A Fort Worth city leader is sounding an alarm about the number of incidents involving construction crews hitting underground water and natural gas lines.
"They're trying to save time by not hand-digging," said council member Cary Moon. "But they lose time when the city has to come out and repair those lines and they get billed for those extra costs."
Moon represents parts of north Fort Worth, where companies are digging in neighborhoods to install fiber-optic lines for high-speed internet connections.
Atmos Energy said construction crews hit buried gas lines 39 times in Fort Worth in July.
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"When a construction crew accidentally damages a gas line, it can cause serious injury, evacuations and shut down roads or highways," Atmos said in a statement. "This is why we continually educate all of our employees, contractors and the public on the need to call 811 before you dig."
In May, a contractor for AT&T hit a gas line on Los Padres Court in north Fort Worth, forcing firefighters to evacuate the neighborhood.
Gordon Nelson and his wife were home taking a nap at the time.
"I got up and in the bathrooms, the toilets were spouting water all over the place," he said. "Pretty soon we had firemen here telling us to get out now!"
For Nelson, a wedding minister, it was a life or death situation.
"They told us later on we were probably five minutes away from the house blowing up," he said.
AT&T said it had no specific information on the May incident, but issued a general statement.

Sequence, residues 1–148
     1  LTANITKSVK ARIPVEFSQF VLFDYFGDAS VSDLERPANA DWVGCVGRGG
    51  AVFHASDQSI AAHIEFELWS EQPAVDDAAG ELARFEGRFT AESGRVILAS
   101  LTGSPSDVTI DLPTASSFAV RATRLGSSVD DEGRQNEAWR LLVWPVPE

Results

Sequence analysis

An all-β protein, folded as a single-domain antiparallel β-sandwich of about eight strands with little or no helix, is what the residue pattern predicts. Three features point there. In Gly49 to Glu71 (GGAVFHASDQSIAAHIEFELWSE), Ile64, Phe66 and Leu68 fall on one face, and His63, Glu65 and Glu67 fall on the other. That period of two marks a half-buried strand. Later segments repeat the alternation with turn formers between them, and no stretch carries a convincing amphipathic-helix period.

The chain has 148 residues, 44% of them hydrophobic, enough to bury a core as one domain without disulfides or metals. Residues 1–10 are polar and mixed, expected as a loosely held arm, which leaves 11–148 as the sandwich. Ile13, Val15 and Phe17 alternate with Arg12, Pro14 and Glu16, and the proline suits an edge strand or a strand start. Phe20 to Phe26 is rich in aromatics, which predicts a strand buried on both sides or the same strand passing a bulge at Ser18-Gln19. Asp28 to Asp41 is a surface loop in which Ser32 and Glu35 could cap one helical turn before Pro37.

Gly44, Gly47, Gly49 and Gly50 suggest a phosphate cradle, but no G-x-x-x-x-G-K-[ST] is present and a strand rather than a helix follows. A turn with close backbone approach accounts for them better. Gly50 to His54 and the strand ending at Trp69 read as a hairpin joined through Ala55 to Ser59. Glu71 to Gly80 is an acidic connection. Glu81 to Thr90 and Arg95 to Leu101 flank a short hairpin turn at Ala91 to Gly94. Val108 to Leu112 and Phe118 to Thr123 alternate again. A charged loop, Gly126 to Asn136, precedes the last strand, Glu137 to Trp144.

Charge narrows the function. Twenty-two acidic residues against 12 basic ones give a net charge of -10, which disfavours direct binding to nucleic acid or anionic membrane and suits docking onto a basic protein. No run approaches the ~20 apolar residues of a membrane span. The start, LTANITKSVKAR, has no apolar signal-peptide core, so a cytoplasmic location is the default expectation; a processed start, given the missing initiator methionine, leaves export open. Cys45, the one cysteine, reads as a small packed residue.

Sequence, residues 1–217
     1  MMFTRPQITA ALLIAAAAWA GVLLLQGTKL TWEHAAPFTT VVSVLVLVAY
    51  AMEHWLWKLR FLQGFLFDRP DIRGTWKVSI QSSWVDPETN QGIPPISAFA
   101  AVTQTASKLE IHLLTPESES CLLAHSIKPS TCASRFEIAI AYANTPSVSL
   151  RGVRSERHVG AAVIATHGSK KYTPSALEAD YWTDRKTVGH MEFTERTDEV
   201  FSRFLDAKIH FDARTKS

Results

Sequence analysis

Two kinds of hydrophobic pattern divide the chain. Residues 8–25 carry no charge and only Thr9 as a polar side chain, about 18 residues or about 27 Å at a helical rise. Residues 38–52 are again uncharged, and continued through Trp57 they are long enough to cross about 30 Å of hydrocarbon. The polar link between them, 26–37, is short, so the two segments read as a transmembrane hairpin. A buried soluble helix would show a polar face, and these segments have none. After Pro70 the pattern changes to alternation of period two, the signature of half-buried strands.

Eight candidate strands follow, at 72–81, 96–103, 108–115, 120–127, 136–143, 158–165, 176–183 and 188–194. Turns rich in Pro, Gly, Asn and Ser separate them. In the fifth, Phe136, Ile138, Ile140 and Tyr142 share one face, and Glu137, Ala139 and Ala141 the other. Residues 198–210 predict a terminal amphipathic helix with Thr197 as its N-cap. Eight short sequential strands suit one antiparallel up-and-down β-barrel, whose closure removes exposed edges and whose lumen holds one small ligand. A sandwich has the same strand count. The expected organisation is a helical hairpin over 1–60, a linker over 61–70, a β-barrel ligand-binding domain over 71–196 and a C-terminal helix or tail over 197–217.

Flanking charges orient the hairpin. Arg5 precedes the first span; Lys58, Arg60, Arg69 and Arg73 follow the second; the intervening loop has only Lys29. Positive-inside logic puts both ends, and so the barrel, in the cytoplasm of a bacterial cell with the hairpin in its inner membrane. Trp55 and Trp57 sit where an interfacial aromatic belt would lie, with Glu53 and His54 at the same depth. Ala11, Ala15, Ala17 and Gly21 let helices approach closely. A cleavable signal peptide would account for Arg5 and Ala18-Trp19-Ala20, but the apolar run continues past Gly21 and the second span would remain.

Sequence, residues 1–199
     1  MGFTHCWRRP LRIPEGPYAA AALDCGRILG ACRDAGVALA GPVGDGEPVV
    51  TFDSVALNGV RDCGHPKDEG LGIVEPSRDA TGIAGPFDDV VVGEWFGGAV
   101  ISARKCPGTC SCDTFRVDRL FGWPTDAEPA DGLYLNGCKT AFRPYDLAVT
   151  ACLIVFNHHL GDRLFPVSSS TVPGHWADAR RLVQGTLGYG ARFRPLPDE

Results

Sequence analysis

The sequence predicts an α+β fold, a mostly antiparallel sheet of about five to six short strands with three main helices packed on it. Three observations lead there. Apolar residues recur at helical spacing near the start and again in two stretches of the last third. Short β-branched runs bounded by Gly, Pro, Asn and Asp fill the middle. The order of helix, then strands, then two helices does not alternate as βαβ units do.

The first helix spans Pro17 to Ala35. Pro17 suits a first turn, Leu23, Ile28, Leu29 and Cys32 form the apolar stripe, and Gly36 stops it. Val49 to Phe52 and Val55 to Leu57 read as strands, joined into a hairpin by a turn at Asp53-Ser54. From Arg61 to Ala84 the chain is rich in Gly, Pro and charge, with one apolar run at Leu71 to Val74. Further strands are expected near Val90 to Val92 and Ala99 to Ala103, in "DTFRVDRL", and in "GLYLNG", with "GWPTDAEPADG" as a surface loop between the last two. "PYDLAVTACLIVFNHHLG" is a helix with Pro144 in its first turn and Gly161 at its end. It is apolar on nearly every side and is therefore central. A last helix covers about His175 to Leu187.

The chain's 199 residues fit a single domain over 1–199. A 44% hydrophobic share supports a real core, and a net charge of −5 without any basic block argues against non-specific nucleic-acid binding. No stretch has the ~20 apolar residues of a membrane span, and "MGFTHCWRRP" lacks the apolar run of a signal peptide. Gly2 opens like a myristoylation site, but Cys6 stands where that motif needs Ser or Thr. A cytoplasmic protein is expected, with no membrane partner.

"Our goal is to minimize the effect on residents as much as possible," the company said. "We instruct our contractors to dial the appropriate 'call before you dig' hotline and follow all the necessary guidelines."
What happened on Los Padres Court may be an extreme case, but Moon said it's happening far too often with a variety of construction projects underway in his district.
"There were several incidents, one right after the other, where crews were not hand digging in areas that required hand digging," he said. "They were using bulldozers."
Construction is booming in that part of north Fort Worth. Entire new neighborhoods are going in.
Even when crews do check, sometimes maps of underground lines are wrong. But Moon said many of the accidents can be avoided.
Construction crews can check the exact location of underground lines by calling 811.
Moon also said Texas law doesn't hold contractors and subcontractors to the same standards as the companies that hire them, and he's working with state lawmakers to change that.
For Nelson, the scare is over but he's said he's still working with the contractor's insurance company on settlement. He said the smell of natural gas lingers in his house.
"We hope nobody else has to deal with what we have to," he said.